I have never in my life thrown a pot. So how did I invent Russell Bass, a potter, and the central character of Hare’s Fur? And why? Always the harder question. There’s a history, obviously.
In 1979 my then-partner Ursula and I drove south from Sydney in search of a place and a house where she could pursue her ambition of becoming a wood-firing potter, and I could try to write a second book. My first, Something in the Blood, hadn’t made me much in sales, but it had led to a Literature Board grant — enough, we hoped, to give us a start. We kept driving south, prices getting lower, till we came to Moruya Heads and saw a house, a box on stumps, but with a garage for a studio, and a view of the river, and at a price we could afford, now-mythical, of course, twenty-two grand.
I wrote three books in that house, all of them set in Papua New Guinea. We built two kilns, split and burned tonnes of spotted gum, held in our hands both successes and failures still warm from the fire. Even though I never sat at the wheel, I learned to do every other job there is in a pottery, I met and observed a lot of potters — the most grounded, literally, of all artists — and I handled a lot of lovely pots.
And it’s that love of pots which gave birth to Hare’s Fur. You stay with an idea when it’s about something you love, a sense of which you hope to transmit, through the writing, to others, and to which you can bring a depth of learning and experience, in this case some forty years’ worth.
When I came to Katoomba, no longer with a potter, but with a photographer, Bette, I thought my firing days were over. Luckily, there are potters in the Mountains. One of them, Simon, heard I knew my way around kilns and asked if I’d be interested in helping at firings with Peter Rushforth. And so I had the privilege of becoming friends with one of Australia’s greatest potters and teachers. And the joy of once again getting to throw wood into a molten firemouth.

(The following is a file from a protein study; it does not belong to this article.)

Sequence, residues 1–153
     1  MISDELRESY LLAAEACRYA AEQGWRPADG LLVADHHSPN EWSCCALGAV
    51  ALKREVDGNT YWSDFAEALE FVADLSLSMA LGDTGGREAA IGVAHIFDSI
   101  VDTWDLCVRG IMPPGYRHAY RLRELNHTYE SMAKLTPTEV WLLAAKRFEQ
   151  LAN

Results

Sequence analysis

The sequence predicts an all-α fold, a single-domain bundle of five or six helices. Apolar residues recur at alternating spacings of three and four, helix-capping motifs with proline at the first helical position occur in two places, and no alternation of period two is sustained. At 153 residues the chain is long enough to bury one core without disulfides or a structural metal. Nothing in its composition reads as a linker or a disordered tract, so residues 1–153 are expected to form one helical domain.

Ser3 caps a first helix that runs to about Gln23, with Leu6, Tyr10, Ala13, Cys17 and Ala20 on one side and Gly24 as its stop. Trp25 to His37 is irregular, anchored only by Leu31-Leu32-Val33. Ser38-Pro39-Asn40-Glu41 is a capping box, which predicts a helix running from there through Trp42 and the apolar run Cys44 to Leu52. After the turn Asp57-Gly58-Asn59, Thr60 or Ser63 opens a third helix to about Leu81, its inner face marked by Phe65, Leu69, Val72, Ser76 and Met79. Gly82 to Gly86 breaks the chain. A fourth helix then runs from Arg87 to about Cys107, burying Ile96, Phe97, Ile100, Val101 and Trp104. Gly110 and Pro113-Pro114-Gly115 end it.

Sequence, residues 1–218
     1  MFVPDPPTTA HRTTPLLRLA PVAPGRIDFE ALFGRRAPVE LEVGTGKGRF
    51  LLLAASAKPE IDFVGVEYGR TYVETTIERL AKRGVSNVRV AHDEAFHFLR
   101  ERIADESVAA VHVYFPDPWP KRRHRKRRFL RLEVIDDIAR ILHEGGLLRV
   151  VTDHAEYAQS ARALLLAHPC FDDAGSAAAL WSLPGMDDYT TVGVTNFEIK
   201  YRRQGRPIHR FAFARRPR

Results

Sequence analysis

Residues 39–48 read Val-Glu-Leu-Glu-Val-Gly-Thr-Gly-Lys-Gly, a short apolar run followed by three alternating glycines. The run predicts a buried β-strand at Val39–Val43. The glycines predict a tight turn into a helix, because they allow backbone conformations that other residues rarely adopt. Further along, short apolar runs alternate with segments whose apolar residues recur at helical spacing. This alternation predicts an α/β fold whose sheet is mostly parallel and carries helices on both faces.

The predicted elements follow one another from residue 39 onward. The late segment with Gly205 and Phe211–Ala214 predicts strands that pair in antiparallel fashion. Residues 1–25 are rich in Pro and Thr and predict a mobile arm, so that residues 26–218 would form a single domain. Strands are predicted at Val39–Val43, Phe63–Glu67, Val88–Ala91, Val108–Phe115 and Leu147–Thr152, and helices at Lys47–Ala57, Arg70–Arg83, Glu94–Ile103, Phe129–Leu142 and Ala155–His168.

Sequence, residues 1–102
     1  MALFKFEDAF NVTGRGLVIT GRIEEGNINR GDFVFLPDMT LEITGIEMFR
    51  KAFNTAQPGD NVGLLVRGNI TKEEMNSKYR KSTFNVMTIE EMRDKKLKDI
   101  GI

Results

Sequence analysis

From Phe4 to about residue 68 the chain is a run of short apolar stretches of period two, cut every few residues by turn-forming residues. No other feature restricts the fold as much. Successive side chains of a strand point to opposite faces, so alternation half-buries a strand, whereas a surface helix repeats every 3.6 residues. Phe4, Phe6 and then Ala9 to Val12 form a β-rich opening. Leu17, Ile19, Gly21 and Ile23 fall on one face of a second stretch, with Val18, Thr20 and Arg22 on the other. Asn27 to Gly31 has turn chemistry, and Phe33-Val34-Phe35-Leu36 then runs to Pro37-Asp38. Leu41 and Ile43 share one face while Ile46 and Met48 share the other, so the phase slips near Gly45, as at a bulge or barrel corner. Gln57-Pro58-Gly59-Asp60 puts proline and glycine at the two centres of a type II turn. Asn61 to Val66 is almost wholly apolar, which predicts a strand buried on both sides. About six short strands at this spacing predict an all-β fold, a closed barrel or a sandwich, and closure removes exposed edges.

The answer, then, as to why I’m writing about a potter, is that I had to, it was time to use it all. But I truly have no notion of where the storyline of the novel came from, why I had Russell meet the kids. I wish I could say I read an article in the local paper about three siblings hiding in a cave. That would be a nice simple explanation — for me as well. But I don’t have a cutting sitting in a file. Just a mass of scribbles in an exercise book. What I do know, that did come from life, is that the teenage daughter of a troubled and violent pair of neighbours, regularly visited by the cops, gave me Jade. And she had a little brother.
I couldn’t help her or her brother with the situation they were in. Perhaps having them meet Russell was my way of healing their pain. And my own.